In 2006, Ohio legislators passed a measure that would restrict the drug's use for abortions and as a research subject in the state but the law was struck down by a federal court.



In 2007, two mifepristone researchers in Canada reportedly received death threats from anti-choice activists, but nevertheless moved forward with their research.



Mifepristone was in various stages of research investigation before the scare in 2006.



Fiscella, at the University of Rochester Medical Center, is investigating the drug's potential to treat fibroids. His research shows taking mifepristone can lead to a 40 percent reduction in the size of fibroids, noncancerous uterine growths that can impair fertility and cause pelvic pain and anemia.



"In small doses, mifepristone blocks the reproductive hormone progesterone, which is why it may help with progesterone-affected conditions such as fibroids, endometriosis, breast cancer and ovarian cancers," says Fiscella. "In larger doses, mifepristone blocks glucocorticoid hormones released during stress, which is why it may help treat conditions affected by these hormones, such as depression and Cushing's syndrome."


Studies Showed Promise


Mifepristone studies underway before the 2006 congressional hearings include ones related to breast cancer (the University of California); depression (Stanford University); ovarian cancer (the University of South Dakota); and endometriosis, or the growth of uterine tissue outside the uterus (the Colorado Center for Reproductive Medicine). All these studies showed positive outcomes before 2006.



Although rarely prescribed this way, mifepristone can work as an emergency contraceptive if taken within five days of unprotected sex, though it is a different drug from Plan B, also called the "morning-after" pill.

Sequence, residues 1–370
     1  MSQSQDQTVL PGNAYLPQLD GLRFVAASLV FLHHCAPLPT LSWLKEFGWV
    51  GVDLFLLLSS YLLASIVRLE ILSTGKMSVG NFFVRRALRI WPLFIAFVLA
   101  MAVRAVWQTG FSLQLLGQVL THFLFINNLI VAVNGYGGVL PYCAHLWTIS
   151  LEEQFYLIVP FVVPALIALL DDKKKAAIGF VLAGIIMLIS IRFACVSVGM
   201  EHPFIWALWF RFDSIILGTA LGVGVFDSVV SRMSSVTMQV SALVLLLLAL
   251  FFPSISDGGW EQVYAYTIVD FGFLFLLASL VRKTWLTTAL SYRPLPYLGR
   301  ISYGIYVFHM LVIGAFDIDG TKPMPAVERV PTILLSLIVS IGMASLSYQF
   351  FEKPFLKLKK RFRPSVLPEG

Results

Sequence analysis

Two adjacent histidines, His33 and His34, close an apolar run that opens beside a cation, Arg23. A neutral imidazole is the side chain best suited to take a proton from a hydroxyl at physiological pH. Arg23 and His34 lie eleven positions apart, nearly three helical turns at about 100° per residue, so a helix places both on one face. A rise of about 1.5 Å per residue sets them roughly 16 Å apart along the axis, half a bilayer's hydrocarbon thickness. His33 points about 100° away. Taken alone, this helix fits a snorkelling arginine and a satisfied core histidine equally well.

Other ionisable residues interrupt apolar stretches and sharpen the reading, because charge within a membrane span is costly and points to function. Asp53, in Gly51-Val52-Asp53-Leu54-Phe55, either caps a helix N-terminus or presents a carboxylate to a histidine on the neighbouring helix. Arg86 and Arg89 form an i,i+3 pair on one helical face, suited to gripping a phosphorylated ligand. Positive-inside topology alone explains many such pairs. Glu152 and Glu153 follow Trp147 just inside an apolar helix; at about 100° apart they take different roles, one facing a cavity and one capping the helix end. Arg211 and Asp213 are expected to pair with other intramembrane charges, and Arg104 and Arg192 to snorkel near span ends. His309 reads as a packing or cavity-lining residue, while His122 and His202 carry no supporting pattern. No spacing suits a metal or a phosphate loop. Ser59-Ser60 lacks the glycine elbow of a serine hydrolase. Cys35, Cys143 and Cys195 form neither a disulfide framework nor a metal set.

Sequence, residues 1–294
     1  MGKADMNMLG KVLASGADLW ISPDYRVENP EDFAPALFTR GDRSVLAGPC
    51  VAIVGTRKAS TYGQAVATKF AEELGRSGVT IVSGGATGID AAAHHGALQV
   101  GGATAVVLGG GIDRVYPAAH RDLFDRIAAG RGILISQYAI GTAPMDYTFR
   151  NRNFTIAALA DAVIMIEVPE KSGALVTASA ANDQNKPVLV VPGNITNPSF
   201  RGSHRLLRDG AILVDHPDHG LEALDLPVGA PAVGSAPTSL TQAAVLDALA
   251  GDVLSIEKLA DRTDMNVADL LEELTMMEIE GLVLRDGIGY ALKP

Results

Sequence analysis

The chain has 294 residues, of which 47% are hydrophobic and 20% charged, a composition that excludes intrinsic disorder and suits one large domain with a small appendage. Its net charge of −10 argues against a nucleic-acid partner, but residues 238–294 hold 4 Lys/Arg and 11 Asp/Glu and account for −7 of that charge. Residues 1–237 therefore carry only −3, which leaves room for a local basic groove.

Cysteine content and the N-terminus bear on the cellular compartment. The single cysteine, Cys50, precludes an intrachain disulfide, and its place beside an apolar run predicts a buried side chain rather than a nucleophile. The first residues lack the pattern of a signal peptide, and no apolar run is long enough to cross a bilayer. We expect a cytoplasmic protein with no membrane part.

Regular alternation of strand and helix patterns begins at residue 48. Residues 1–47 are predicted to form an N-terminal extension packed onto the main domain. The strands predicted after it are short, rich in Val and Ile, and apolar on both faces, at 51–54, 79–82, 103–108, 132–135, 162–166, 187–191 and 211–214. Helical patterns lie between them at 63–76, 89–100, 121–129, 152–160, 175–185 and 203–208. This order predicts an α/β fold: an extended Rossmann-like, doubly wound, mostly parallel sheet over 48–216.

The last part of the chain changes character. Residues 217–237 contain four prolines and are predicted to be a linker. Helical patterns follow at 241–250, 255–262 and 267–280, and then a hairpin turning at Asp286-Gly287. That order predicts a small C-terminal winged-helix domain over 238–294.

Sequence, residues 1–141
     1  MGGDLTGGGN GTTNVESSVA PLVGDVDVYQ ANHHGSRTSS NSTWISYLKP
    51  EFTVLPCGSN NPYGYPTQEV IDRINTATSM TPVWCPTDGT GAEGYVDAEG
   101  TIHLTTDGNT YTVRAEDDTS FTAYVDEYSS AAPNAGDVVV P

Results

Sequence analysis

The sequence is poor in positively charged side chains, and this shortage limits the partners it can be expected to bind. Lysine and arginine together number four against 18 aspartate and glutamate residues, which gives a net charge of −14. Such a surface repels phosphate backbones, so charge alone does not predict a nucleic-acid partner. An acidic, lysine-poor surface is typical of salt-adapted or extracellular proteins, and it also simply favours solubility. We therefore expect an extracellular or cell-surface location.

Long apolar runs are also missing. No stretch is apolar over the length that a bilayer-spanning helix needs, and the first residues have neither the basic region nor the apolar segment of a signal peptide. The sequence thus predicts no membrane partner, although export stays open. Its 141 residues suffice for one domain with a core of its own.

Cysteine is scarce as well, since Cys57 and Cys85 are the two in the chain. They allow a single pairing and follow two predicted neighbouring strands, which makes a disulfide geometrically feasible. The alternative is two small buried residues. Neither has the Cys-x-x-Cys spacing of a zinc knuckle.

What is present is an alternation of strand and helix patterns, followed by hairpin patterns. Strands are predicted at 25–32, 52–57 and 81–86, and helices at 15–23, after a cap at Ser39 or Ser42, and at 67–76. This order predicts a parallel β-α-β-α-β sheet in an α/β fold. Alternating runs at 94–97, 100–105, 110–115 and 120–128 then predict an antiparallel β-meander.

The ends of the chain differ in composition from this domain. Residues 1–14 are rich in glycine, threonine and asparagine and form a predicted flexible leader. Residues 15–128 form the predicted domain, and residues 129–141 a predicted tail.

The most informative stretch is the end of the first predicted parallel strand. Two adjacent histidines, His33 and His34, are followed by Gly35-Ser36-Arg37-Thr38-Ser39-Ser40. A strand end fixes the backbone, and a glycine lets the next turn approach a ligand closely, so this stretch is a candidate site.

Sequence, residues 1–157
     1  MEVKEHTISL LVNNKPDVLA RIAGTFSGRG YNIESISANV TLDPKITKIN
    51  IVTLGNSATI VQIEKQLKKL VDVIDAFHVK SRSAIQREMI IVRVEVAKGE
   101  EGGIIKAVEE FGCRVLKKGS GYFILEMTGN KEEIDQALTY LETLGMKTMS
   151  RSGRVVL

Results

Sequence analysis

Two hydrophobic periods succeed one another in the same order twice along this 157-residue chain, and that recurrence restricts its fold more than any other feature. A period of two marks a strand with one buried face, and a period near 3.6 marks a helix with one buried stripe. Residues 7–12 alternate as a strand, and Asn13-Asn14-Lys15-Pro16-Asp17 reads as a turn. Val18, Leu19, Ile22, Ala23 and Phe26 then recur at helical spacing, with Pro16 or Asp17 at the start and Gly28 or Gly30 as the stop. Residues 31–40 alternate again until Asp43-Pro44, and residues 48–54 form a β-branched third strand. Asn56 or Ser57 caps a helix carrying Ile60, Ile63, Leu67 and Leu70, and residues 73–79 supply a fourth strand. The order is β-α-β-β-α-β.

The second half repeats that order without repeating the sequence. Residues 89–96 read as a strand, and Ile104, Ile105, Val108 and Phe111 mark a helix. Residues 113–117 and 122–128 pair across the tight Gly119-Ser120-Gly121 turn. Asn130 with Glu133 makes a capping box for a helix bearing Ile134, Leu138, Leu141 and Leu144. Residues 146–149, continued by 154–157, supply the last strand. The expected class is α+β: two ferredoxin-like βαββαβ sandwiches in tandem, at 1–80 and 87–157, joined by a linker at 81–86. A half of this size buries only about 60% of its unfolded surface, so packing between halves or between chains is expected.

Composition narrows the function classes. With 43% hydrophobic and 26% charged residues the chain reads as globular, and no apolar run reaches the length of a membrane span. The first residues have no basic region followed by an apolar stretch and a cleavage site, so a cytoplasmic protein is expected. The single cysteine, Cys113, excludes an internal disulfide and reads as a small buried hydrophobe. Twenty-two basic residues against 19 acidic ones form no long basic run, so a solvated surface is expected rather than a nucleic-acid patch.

"Mifepristone can serve as emergency contraception as safely and effectively as it terminates early pregnancy," says Beverly Winikoff, president of the New York-based Gynuity Health Projects.



Other studies have found possible applications of the drug for Alzheimer's disease, glaucoma, ulcers, meningiomas (tumors that arise from the membranes lining the brain and spinal cord) and Cushing's syndrome (a condition in which prolonged exposure to stress hormones causes stretch marks, high blood pressure and other health problems).



If patients want to try mifepristone for other applications besides its FDA-approved use to induce abortion, doctors may prescribe it "off label," a common practice in which physicians can write prescriptions for a drug approved for one purpose for that drug's use in a second purpose.



Off-label use is considered safe if it is supported by research. In fact, many drugs prescribed to women for pregnancy-related conditions are prescribed off-label. Drugs developed specifically to treat pregnant women are rarely developed by pharmaceutical companies and no new classes of drugs for pregnancy-related treatments have been developed in the past two decades, according to a study published in January.



However, health advocates say mifepristone's widespread use for emergency contraception and for the treatment of endometriosis, fibroids, cancer and other illnesses will only come with more study and with official FDA approval for these uses. Off-label prescriptions are not encouraged until research on a drug is definitive.



"The Bush administration has been staunchly opposed to reproductive choice in general and to the use of mifepristone in particular," Allina says. "But having a new administration after the 2008 election could result in less stigma, more federal and private funding and eventual FDA approval for more uses."
Molly M. Ginty is a freelance writer based in New York.